Interestingly, ochratoxins might also be behind some Egyptian mummy curses. Several archeologists who explored and uncovered certain ancient Egyptian tombs suddenly passed away due to unexplained causes. Some suggested that the cause of death might be acute kidney failure instigated by the inhalation of fungal spores containing ochratoxins. It should be noted that these explanations were just suggestions, with no yet direct evidence for this enigmatic death theory (12,13).
Aspergillus mold in our homes
The Environmental Relative Moldiness Index (ERMI) is an indoor air quality testing method developed by the U.S. Environmental Protection Agency and the U.S. Department of Housing and Urban Development. ERMI was designed as a reliable, standardized method to evaluate air quality and mold contamination of U.S. homes. It uses DNA-based technology to assess which adverse mold species, connected with water damage, are present in tested households. It can also give a value of their quantity. Of 36 mold species from this list, 10 belong to the Aspergillus genus. These include Aspergillus flavus, A. fumigatus, A. niger, A. ochraceus, A. penicillioides, A. restrictus, A. sclerotiorum, A. sydowii, A. unguis, and A. versicolor. These aspergilli are associated with various adverse health problems, ranging from respiratory irritations and allergens to more serious conditions such as invasive aspergillosis, pneumonia, and asthma.
Aspergillus mold statistics
As part of the data analysis presented inside our mold statistics resource page, we have calculated how often mold spore types appear in different parts of the indoor environment when mold levels are elevated. Below are the stats for Aspergillus:
- Samson, R. A., Visagie, C. M., Houbraken, J., Hong, S. B., Hubka, V., Klaassen, C. H., … & Frisvad, J. C. (2014). Phylogeny, identification and nomenclature of the genus Aspergillus. Studies in mycology, 78, 141-173.
- Aspergillus | Mycology Online. Available from: mycology.adelaide.edu.au
- Pitt, J. I., & Hocking, A. D. (2009). Fungi and food spoilage(Vol. 519, p. 388). New York: Springer.
- Abdel-Azeem, A. M., Abdel-Azeem, M. A., Abdul-Hadi, S. Y., & Darwish, A. G. (2019). Aspergillus: biodiversity, ecological significances, and industrial applications. In Recent Advancement in White Biotechnology Through Fungi(pp. 121-179). Springer, Cham.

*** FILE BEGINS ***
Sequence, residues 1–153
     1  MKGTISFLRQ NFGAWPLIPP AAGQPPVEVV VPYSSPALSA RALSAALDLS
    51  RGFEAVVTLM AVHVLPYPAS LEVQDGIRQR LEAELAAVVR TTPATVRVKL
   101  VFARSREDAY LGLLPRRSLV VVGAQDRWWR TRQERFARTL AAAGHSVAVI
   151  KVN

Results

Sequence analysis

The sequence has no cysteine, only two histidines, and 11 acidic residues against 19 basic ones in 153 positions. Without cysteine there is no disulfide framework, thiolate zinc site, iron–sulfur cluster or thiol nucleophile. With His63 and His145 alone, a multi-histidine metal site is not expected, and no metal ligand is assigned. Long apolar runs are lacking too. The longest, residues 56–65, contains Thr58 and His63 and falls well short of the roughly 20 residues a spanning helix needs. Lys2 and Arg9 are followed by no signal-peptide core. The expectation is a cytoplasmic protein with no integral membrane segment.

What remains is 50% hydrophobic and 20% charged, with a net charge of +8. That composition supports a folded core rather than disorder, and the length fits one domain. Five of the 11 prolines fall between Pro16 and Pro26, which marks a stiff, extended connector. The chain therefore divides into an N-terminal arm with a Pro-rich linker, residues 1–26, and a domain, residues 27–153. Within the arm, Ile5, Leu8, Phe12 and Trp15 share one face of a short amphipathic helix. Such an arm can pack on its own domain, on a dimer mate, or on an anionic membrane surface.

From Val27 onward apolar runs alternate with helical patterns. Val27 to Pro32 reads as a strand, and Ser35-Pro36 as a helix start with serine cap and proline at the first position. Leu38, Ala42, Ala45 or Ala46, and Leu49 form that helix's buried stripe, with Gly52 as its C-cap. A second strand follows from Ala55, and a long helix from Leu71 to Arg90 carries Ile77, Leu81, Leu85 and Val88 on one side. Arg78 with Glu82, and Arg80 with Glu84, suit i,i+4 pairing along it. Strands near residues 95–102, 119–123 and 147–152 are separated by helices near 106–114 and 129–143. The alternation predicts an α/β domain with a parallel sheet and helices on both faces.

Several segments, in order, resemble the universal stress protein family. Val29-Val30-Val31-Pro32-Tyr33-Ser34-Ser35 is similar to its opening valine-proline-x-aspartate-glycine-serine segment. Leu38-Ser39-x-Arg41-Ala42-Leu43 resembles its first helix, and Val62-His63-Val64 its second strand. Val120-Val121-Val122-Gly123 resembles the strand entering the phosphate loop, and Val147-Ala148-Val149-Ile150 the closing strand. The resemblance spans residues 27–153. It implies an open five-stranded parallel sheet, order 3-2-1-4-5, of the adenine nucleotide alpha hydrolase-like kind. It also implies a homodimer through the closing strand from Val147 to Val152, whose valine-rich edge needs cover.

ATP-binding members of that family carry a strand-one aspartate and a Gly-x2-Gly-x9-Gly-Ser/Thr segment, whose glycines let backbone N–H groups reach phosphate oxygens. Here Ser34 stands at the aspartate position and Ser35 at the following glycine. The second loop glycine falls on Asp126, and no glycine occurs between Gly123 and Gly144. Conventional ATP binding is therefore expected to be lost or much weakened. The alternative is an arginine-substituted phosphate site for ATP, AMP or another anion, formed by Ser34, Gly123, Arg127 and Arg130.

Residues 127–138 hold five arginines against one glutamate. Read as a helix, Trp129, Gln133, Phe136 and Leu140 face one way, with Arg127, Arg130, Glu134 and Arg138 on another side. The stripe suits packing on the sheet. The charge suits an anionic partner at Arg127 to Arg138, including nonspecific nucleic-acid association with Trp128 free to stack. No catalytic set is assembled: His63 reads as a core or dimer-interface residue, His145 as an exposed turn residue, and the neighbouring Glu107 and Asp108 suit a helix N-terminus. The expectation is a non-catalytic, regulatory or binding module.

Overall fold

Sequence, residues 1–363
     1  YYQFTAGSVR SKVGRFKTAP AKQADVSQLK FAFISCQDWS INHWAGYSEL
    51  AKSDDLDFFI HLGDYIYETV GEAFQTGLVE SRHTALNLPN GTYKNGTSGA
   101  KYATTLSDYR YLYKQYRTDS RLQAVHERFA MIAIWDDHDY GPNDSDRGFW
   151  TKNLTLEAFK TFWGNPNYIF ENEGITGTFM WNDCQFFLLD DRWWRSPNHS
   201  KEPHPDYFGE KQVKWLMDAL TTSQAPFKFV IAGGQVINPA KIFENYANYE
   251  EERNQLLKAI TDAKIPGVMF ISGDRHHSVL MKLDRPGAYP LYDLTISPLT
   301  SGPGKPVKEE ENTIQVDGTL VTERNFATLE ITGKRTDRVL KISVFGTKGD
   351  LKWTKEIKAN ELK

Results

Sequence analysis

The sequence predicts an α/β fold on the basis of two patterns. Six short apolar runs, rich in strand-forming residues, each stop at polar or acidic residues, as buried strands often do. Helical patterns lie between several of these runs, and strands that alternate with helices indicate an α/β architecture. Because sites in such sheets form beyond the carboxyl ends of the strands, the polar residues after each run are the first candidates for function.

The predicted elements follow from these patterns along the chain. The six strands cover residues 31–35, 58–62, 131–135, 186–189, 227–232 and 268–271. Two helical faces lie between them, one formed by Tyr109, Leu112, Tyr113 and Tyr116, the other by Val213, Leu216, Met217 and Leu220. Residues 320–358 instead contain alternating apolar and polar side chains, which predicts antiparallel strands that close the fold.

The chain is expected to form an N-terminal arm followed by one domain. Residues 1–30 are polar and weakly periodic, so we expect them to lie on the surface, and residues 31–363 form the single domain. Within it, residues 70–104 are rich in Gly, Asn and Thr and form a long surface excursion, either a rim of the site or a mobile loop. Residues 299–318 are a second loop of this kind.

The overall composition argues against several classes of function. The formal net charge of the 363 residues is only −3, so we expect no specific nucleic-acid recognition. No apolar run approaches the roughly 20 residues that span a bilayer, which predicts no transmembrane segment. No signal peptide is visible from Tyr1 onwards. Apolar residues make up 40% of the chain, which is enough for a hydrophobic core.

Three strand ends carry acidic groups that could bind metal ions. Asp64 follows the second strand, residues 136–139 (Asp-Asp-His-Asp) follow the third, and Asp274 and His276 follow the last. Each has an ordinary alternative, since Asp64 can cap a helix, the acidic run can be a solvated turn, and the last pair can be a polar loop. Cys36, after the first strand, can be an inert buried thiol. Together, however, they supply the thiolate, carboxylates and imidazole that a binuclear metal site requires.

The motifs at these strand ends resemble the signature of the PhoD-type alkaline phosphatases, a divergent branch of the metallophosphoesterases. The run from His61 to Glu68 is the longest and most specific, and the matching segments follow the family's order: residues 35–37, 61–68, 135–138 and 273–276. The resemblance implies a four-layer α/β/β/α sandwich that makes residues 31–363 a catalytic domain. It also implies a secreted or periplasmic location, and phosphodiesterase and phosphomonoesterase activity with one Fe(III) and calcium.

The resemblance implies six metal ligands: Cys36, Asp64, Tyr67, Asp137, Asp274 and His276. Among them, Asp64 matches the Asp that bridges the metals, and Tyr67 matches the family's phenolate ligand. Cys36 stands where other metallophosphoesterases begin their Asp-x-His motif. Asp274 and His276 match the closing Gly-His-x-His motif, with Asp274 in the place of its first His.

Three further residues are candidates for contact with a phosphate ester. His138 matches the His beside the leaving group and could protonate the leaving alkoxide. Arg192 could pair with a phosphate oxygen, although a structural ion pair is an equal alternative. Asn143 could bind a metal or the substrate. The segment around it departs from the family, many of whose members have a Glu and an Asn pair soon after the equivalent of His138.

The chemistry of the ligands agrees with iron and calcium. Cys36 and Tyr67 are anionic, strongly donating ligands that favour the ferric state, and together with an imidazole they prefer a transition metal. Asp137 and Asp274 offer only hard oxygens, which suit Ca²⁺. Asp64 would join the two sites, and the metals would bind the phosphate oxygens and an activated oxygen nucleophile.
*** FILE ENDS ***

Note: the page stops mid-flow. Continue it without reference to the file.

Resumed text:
- Butinar, L., Frisvad, J. C., & Gunde-Cimerman, N. (2011). Hypersaline waters–a potential source of foodborne toxigenic aspergilli and penicillia. FEMS Microbiology Ecology, 77(1), 186-199.
- Arenz BE, Blanchette RA, Farrell RL. Fungal diversity in antarctic soils. Antarct Terr Microbiol Phys Biol Prop Antarct Soils. 2013 Dec 1;35–53.
- Micheli P. Nova plantarum genera
- Tsang, C. C., Tang, J. Y., Lau, S. K., & Woo, P. C. (2018). Taxonomy and evolution of Aspergillus, Penicillium and Talaromyces in the omics era–Past, present and future. Computational and Structural Biotechnology Journal, 16, 197-210.
- Houbraken, J. A. M. P., & Samson, R. (2011). Phylogeny of Penicillium and the segregation of Trichocomaceae into three families. Studies in mycology, 70, 1-51.
- Amare, M. G., & Keller, N. P. (2014). Molecular mechanisms of Aspergillus flavus secondary metabolism and development. Fungal Genetics and Biology, 66, 11-18.
- Bayman, P., Baker, J. L., Doster, M. A., Michailides, T. J., & Mahoney, N. E. (2002). Ochratoxin production by the Aspergillus ochraceus group and Aspergillus alliaceus. Applied and environmental microbiology, 68(5), 2326-2329.
- Bayman, P., & Baker, J. L. (2006). Ochratoxins: a global perspective. Mycopathologia, 162(3), 215-223.
- Di Paolo, N., Guarnieri, A., Loi, F., Sacchi, G., Mangiarotti, A. M., & Di Paolo, M. (1993). Acute renal failure from inhalation of mycotoxins. Nephron, 64(4), 621-625.
- Vesper, S., McKinstry, C., Haugland, R., Wymer, L., Bradham, K., Ashley, P., … & Friedman, W. (2007). Development of an environmental relative moldiness index for U.S. homes. Journal of Occupational and Environmental Medicine, 49(8), 829-833.
- Vesper, S., Wakefield, J., Ashley, P., Cox, D., Dewalt, G., & Friedman, W. (2011). Geographic distribution of Environmental Relative Moldiness Index molds in USA homes. Journal of environmental and public health, 2011.